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Segregation and Governance – Transboundary Planning Initiatives in Swedish Outskirts

Nylund, Katarina LU (2004) In European Cities, Insights on Outskirts. p.114-136
Abstract
The growing social polarisation in Swedish society has increased the differences between pour

and rich districts in the larger cities. The situation is worst in the housing areas built in the 1960s.

But although Swedish urban policy has aimed for several decades at controlling segregation

through extraordinary efforts in vulnerable housing areas, there is nothing to indicate that the processes

of segregation have been restrained.

In this article the question is raised as to whether district-based efforts to combat segregation have

outlived themselves in the late modern society. Now might be the time to move along to a strategy

where the focus shifts from the individual district... (More)
The growing social polarisation in Swedish society has increased the differences between pour

and rich districts in the larger cities. The situation is worst in the housing areas built in the 1960s.

But although Swedish urban policy has aimed for several decades at controlling segregation

through extraordinary efforts in vulnerable housing areas, there is nothing to indicate that the processes

of segregation have been restrained.

In this article the question is raised as to whether district-based efforts to combat segregation have

outlived themselves in the late modern society. Now might be the time to move along to a strategy

where the focus shifts from the individual district to the relationship between different districts.

During the 1990s new growth centres have been established in the urban peripheries. In many

cases these are situated in the immediate geographical proximity of the housing areas of the

1960s. The co-localisation of the housing areas of the 1960s and the business districts of the

1990s might open up new possibilities for promoting a spatial integration between different

population groups and classes. Below, I take my point of departure from two case studies in the

Stockholm region and, against this background, discuss what kinds of physical, social and cultural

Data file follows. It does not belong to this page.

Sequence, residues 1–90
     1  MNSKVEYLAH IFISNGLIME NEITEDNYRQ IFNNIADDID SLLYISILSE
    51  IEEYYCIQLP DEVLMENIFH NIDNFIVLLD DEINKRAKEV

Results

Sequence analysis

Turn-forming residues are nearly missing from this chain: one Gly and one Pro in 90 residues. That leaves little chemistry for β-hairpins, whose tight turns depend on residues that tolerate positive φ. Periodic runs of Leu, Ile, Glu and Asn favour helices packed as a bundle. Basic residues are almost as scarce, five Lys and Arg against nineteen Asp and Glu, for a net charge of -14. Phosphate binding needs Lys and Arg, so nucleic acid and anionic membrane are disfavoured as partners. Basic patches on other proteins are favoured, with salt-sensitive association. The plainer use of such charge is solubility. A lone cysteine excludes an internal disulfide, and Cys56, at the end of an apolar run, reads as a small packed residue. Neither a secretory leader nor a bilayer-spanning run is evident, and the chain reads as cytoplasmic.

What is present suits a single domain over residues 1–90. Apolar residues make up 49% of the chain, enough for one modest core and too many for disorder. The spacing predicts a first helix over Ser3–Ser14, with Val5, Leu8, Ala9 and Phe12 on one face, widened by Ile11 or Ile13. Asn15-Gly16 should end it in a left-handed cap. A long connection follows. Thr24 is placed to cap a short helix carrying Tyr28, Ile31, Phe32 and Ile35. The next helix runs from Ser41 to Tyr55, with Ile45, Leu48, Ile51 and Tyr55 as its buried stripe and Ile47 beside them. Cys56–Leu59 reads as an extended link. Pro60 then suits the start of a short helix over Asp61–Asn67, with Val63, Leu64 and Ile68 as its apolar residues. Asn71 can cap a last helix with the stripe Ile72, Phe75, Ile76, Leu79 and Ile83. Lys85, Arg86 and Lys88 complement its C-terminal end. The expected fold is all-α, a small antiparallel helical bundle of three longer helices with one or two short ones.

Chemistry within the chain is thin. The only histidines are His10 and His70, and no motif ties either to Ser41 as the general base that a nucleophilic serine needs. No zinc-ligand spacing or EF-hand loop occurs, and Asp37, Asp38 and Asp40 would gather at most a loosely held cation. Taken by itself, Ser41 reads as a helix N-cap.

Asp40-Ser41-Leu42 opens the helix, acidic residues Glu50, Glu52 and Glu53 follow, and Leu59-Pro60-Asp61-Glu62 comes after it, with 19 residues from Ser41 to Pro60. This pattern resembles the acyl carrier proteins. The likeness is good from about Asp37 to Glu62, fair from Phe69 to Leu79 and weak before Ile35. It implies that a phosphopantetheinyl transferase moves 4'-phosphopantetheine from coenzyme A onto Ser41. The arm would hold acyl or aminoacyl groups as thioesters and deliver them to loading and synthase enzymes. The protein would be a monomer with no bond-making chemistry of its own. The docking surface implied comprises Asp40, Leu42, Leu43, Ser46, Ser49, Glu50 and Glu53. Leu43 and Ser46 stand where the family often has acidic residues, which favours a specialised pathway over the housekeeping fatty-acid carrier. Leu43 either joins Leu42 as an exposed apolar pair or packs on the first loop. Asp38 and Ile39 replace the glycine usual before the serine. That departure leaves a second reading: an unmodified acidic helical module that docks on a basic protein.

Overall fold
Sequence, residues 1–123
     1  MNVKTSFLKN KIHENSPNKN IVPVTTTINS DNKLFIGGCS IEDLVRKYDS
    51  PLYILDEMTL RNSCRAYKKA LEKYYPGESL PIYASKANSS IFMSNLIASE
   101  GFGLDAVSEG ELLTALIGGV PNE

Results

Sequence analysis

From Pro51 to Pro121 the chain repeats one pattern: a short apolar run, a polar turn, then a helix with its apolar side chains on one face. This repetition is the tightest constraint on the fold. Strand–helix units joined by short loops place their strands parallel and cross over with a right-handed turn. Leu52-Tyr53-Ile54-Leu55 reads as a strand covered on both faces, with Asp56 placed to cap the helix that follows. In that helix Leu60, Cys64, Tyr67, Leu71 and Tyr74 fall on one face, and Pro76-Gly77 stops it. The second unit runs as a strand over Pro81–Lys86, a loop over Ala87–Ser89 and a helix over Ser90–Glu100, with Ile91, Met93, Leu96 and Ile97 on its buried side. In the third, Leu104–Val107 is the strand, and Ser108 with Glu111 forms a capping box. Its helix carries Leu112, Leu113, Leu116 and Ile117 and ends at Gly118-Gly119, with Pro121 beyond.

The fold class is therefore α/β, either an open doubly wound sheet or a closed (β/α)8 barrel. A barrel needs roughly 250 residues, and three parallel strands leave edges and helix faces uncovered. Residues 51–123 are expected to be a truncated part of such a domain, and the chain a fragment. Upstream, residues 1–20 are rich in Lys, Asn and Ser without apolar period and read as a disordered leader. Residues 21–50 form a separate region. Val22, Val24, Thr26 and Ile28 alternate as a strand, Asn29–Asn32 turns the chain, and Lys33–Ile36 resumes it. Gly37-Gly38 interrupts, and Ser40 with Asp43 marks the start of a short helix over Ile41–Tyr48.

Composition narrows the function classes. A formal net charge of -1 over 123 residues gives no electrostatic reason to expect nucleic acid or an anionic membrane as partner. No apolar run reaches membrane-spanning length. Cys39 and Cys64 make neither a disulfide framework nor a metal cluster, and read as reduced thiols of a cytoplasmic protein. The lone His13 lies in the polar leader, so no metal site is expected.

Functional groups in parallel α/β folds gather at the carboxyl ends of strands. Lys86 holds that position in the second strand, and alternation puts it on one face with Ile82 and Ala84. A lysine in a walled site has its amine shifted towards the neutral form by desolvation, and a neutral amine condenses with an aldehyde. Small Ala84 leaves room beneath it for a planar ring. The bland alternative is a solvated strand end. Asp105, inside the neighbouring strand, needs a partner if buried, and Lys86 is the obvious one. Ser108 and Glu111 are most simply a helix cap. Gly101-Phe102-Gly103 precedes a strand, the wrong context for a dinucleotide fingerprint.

obstacles are counteracting increased integration as well as what kinds of planning initiatives have

been taken to overcome these obstacles. (Less)
Please use this url to cite or link to this publication:
author
organization
publishing date
type
Chapter in Book/Report/Conference proceeding
publication status
published
subject
keywords
urbanism, segregation, urban landscape, Outskirts of Swedish cities, governance., communicative planning processes, negotiational planning processes, integration
in
European Cities, Insights on Outskirts.
editor
McEldowney, Malachy
pages
114 - 136
publisher
EU Cost 10 Action
ISBN
2.11.085661.0
project
The potential of public space to transgress the boundaries of the segregated city
language
English
LU publication?
yes
id
8e32ab1a-b186-4b84-880b-db08360ec806 (old id 700481)
alternative location
http://www.qub.ac.uk/ep/research/costc10/findoc/gov.pdf#page=113
date added to LUP
2007-12-20 09:54:30
date last changed
2016-04-16 08:43:29
@misc{8e32ab1a-b186-4b84-880b-db08360ec806,
  abstract     = {The growing social polarisation in Swedish society has increased the differences between pour<br/><br>
and rich districts in the larger cities. The situation is worst in the housing areas built in the 1960s.<br/><br>
But although Swedish urban policy has aimed for several decades at controlling segregation<br/><br>
through extraordinary efforts in vulnerable housing areas, there is nothing to indicate that the processes<br/><br>
of segregation have been restrained.<br/><br>
In this article the question is raised as to whether district-based efforts to combat segregation have<br/><br>
outlived themselves in the late modern society. Now might be the time to move along to a strategy<br/><br>
where the focus shifts from the individual district to the relationship between different districts.<br/><br>
During the 1990s new growth centres have been established in the urban peripheries. In many<br/><br>
cases these are situated in the immediate geographical proximity of the housing areas of the<br/><br>
1960s. The co-localisation of the housing areas of the 1960s and the business districts of the<br/><br>
1990s might open up new possibilities for promoting a spatial integration between different<br/><br>
population groups and classes. Below, I take my point of departure from two case studies in the<br/><br>
Stockholm region and, against this background, discuss what kinds of physical, social and cultural<br/><br>
obstacles are counteracting increased integration as well as what kinds of planning initiatives have<br/><br>
been taken to overcome these obstacles.},
  author       = {Nylund, Katarina},
  editor       = {McEldowney, Malachy},
  isbn         = {2.11.085661.0},
  keyword      = {urbanism,segregation,urban landscape,Outskirts of Swedish cities,governance.,communicative planning processes,negotiational
planning processes,integration},
  language     = {eng},
  pages        = {114--136},
  publisher    = {ARRAY(0x9136038)},
  series       = {European Cities, Insights on Outskirts.},
  title        = {Segregation and Governance – Transboundary Planning Initiatives in Swedish Outskirts},
  year         = {2004},
}